History of the Dars-e-Nizaami

Dars e Nizami History

In the early era of islam , education began with the Holy Qur’an. During the caliphate of Hazrat Umar special arrangements were made, along with the teaching of the Qur’an, for teaching and learning, and also for the dissemination and publication of the Hadith tradition. As time passed and educational needs multiplied, according to need, disciplines were also added. Until the middle of the II-Hijri century, arts and sciences were restricted to the Qur’an, Hadith, Fiqh and Arabic poetry. From then until the end of the fourth century Hijri, which is called the era of invention and writing, the invention of different arts and sciences and their translations arose along with the growth and progress of civilization, and of necessity, some arts also began to emerge. Hadith, Tafsir, Fiqh, Principles of Fiqh, Grammar and Syntax, Lexicon, Arabic Poetry and History were considered subjects of school education of that period. Medicine, astrology, astronomy and some other Greek sciences can also be added to this program.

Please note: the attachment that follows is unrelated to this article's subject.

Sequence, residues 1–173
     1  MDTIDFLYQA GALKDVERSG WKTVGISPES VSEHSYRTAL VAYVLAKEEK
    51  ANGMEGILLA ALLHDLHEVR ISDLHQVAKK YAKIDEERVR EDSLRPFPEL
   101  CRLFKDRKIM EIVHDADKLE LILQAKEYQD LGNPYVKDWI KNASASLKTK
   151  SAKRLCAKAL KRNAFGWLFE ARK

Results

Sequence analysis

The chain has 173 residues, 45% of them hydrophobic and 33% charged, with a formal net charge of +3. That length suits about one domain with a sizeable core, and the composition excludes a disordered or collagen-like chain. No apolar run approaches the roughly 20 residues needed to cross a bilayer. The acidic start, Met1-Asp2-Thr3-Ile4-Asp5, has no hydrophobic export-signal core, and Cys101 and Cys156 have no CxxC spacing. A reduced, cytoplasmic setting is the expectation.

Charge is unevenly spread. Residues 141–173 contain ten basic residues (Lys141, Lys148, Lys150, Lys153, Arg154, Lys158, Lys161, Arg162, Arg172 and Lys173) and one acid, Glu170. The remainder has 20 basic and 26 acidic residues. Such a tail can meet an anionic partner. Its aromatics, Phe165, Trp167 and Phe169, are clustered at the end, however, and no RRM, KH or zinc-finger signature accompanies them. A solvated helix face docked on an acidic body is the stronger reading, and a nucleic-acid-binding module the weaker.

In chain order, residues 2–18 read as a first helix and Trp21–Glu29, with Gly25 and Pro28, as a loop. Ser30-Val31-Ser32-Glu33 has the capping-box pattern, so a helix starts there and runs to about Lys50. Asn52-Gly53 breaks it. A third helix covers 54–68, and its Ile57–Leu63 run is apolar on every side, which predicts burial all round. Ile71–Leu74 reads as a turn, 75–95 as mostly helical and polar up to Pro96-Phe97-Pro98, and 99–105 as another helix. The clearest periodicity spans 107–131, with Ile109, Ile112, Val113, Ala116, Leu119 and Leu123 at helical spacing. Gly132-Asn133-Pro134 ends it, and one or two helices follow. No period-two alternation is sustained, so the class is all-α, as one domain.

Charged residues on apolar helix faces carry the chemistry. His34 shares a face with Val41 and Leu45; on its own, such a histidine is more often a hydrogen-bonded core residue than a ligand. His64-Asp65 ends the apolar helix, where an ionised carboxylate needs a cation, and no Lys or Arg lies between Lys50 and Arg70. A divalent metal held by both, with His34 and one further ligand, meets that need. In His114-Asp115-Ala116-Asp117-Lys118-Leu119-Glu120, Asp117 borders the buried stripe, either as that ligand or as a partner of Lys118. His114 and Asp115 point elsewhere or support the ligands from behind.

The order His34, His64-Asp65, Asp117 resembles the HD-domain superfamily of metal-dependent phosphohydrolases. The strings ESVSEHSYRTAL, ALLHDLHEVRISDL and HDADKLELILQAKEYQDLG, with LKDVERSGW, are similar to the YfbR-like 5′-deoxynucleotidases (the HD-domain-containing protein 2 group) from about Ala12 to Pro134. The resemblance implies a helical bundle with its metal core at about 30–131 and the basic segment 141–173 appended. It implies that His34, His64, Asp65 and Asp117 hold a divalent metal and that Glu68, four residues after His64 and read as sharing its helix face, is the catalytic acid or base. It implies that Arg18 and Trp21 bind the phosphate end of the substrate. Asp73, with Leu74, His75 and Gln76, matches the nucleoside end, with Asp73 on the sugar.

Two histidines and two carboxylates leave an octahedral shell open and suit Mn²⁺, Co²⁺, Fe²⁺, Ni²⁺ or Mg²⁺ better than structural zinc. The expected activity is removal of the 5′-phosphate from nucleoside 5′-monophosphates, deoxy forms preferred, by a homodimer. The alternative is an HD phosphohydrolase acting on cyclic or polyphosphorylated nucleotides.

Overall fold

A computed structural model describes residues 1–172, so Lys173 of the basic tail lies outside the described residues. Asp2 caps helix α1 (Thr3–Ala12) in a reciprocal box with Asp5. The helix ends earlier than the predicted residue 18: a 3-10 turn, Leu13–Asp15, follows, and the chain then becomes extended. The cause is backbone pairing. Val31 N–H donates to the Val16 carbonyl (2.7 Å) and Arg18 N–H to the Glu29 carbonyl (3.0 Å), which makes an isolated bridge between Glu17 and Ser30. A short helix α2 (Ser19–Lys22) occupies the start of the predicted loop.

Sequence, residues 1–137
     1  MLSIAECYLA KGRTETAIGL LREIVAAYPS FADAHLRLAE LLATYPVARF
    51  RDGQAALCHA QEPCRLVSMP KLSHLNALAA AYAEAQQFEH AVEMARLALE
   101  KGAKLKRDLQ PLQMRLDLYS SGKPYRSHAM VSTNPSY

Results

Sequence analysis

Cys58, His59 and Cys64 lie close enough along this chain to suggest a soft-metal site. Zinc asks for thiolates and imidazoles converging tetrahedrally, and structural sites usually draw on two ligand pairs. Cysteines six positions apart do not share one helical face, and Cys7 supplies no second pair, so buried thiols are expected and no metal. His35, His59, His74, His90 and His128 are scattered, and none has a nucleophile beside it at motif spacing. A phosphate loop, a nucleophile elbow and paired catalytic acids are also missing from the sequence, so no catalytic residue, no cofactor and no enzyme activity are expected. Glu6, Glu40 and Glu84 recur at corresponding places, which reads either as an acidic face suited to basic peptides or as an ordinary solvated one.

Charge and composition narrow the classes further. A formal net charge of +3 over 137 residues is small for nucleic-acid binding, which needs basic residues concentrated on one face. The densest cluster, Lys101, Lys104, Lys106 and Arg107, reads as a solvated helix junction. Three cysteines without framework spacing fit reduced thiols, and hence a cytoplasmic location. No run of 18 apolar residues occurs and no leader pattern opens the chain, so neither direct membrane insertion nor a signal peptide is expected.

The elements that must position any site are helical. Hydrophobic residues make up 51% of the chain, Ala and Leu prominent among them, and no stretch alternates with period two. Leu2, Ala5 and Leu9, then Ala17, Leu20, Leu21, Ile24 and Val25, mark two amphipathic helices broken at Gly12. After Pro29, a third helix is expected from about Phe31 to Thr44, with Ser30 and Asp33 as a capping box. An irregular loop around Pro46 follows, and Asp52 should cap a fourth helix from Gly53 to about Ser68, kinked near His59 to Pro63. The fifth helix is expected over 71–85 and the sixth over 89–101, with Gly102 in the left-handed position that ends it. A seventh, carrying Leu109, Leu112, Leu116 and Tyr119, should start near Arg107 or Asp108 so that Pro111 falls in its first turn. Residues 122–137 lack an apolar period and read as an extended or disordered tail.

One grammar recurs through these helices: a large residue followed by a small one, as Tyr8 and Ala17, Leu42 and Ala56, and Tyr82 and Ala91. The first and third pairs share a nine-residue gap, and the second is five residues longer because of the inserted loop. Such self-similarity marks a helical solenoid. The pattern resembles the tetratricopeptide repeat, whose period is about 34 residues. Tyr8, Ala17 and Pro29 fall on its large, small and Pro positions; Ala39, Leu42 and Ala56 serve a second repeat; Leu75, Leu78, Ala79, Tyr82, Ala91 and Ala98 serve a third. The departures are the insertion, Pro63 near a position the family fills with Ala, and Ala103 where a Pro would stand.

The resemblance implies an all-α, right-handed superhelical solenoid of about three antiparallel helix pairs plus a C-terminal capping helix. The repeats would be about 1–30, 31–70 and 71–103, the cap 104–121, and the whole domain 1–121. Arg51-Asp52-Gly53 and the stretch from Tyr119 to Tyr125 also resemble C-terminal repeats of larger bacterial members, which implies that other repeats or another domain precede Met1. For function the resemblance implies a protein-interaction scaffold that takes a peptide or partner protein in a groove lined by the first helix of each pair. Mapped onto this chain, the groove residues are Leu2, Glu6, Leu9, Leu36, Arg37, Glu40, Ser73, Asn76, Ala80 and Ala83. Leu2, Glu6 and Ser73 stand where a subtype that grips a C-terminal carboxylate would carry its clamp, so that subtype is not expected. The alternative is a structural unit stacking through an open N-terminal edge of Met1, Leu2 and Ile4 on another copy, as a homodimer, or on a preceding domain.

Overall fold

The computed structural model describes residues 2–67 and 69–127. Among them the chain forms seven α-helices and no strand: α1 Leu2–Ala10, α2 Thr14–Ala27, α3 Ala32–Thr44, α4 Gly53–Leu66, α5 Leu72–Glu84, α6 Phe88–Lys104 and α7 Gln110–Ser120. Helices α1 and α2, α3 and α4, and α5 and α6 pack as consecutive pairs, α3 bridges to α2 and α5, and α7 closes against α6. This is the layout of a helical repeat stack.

Between the fifth and the seventh century, Hijri established the science of dialectics or scholastic theology through Imam Ghazali, and for his support, in addition to the sciences mentioned above, poetic sciences such as logic, philosophy, etc. they became a necessary ingredient in the Curriculum of Islamic schools and universities.

These sciences were current, more or less, in all Islamic lands, nevertheless, the impact of national, local and ethnic peculiarities was inevitable in different countries. Since the Arab families had settled in countries like Egypt, Syria, etc. in large numbers, giving predominance to Arab tendencies in these countries, sciences such as Tafsir, Hadith and Asmaur-Rijal received comparatively more attention. In Andalusia (Spain), literature, poetry and history had acquired great importance. In Iran, logic and philosophy predominated, and in Khurasan and Transoxiana, Fiqh, Principles of Fiqh and Tasawwuf were more in fashion. At the same time, however, due to the influences of the environment and the demands of the environments, the process of change and alteration of the study programs has often taken place in different periods in the same country.